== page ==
The concept of providing IT-as-a-service (ITaaS) is a high priority for CIOs as they look to shake off the traditional view of their departments as costly and inefficient parts of their businesses.
Several CIOs and their teams are now undertaking initiatives to position the technology team as business enablers. However, many have only made moderate progress towards IT as a true service broker – providing networking, software, hardware and support cost-effectively and efficiently – usually for a fee.
IDG Research Services, EMC and VMware recently spoke to more than 450 IT and business unit executives globally to get their thoughts on ITaaS. Despite most citing ITaaS as a critical business priority, 25 per cent of respondents felt little or no progress had been made, while half reported staff sometimes turned to outside providers to supply IT.
Technology leaders from several industries echoed these sentiments during CIO’s recent IT-as-a-service roundtable discussion in Sydney, which looked at how much progress has been made towards setting up IT to run like a business. The roundtable lunch was sponsored by EMC and VMware.
General manager of IT at Schenker Australia, John Jessen, says his organisation is working to become more transparent around the IT services it provides to users. The company recently signed a new data centre outsourcing agreement under a full “operational expenditure” model, which enables it to view infrastructure services and costs at a more granular level.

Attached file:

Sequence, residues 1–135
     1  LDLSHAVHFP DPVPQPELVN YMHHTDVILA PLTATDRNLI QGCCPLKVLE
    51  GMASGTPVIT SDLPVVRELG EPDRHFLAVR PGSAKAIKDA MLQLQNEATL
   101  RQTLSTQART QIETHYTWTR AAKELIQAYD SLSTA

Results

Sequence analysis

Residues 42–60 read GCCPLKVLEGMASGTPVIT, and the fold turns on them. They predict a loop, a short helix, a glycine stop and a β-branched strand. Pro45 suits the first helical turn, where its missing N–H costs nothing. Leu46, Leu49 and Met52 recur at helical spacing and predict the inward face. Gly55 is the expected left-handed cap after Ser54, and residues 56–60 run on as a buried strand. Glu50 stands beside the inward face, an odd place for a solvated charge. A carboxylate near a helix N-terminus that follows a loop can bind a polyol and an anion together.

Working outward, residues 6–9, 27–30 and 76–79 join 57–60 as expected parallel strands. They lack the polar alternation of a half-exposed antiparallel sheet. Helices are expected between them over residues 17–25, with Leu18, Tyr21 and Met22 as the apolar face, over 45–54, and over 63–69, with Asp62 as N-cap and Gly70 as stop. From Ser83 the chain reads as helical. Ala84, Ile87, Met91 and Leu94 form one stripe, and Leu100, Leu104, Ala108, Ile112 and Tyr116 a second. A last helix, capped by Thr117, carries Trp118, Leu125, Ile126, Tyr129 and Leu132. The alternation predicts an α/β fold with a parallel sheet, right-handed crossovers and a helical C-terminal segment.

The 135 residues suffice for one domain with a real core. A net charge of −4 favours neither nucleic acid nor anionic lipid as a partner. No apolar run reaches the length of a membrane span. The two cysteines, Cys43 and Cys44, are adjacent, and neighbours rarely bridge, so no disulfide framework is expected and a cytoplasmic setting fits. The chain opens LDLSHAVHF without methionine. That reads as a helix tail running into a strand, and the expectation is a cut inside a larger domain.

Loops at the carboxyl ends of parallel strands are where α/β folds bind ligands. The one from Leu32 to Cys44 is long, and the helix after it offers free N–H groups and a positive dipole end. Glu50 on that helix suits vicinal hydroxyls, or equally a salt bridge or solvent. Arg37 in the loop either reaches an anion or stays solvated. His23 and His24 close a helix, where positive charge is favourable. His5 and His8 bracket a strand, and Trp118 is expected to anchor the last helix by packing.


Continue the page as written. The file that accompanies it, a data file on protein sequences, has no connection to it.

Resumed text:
“Every aspect of IT service delivery should be visible down to the lowest common denominator,” says Jessen. “It’s important when we are charging back to the business to show exactly what services are being provided and convince the organisation to invest in systems that can drive productivity gains.
“This has been tough but it’s a journey that has well and truly started at our organisation.”
Westfield Group’s IT division is delivering a range of services as a “true service provider,” as the organisation goes through a digital transition, says CIO, Peter Bourke. “We are looking at increasing our participation in the cloud; we’ve always used outsourced data centres, and we will be using more co-location sites moving forward,” he says.
“We are very much working with the business to deliver software-as-a-service apps to our users and ensuring they’re fully integrated; we’ve just combined the Salesforce CRM platform with our core ERP systems.”
Meanwhile, the IT department at the The MAC Services Group, an Australian workforce accommodation provider, is almost working as a ‘sub-contractor’ to the organisation to ensure it is meeting the expectations of users, says GM of IT, Daniel Schubert.
“We are moving more towards providing cloud-based IT services, and have quickly recognised the need to be a broker of technologies that best meet the requirements of each of our individual business units,” he says.
According to Tim Fleming, CIO at Deloitte, the concept of brokering services on demand means his team must always find a better way to deliver IT. “We can’t be sitting around building servers and taking weeks to deploy things,” he says. “There are cost demands and increasingly we are getting services from anywhere and everywhere.
“Every week, I have seen more services that we are not directly supplying but we still need to be there to broker them and make sure the data architecture is correct.”